As you are probably already aware, anchovy is a type of salt water fish. Most of the time, regular canned anchovies have too much sodium to be suitable for cats. However, it does not look like the sodium content in this food is out of normal limits. This ingredient is included because it provides a great deal of protein and omega-3 and omega-6 fatty acids. There is some concern about the rising mercury levels in fish, however so far the FDA claims the levels are well within safe limits for cats and other pets. Another concern is how the fish is sourced, since fish products in pet foods are usually the waste products derived from fish farms. However, the risk of eating anchovy is low and the benefits can be quite high.
Other ingredients you may be interested in
Dicalcium phosphate is a compound that is present in bone. It is a calcium salt. Usually, when people break their bones, the need to enrich themselves with this compound in order to help bone regeneration. For cat food, it is mostly used as a part of the processing of the food. While this ingredient sounds scary and doesn’t provide any nutrition for cats, it is considered safe and is usually included in very low levels.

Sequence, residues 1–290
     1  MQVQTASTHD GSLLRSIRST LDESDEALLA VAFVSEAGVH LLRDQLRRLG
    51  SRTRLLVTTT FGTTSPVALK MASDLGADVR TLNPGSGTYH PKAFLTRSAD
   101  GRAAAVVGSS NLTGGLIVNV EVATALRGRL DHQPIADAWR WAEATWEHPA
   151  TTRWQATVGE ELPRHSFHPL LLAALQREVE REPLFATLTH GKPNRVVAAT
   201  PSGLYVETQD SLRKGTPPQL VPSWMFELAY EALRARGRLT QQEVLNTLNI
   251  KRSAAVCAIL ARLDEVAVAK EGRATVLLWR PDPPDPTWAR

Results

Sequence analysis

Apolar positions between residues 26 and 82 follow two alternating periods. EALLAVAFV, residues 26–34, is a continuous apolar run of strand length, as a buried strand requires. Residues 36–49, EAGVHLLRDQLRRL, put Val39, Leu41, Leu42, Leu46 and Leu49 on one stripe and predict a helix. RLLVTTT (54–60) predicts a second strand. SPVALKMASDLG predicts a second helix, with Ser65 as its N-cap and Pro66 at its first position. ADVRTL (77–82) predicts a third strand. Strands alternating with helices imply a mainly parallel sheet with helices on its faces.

Cassia gum is a food additive made from the endosperm of Senna obtusifolia (also called Cassia obtusifolia or Cassia tora). It is used as a thickener and gelling agent. This is generally considered an ingredient to avoid in cat food because it is a complex sugar which isn’t thought to be good for cats. There have also been biological studies done on cassia gum’s effects on cats, dogs, and rats in the 1980’s. In this FDA study, kittens that were administered a high dose (2.5% of daily nutrition) and kittens that were administered a moderate dose(0.75% of daily nutrition) of cassia gum per day all died after 2-3 weeks. Their mothers and fathers were given cassia gum before and throughout the pregnancy period. There was also a decrease in appetite and changes in digestive processing due to the fact that cassia gum absorbs much of the moisture inside the digestive tract. Another interesting thing is that in the group where higher dosage was administered there were a lot more still born births and neonatal deaths. It could be argued that the only reason these cats had problems was because of the high dosage and we believe this is a valid argument. So while we can’t say for sure that this ingredient is dangerous, you should use some caution. The official FDA study is getting pretty outdated, but you can still read the full study here.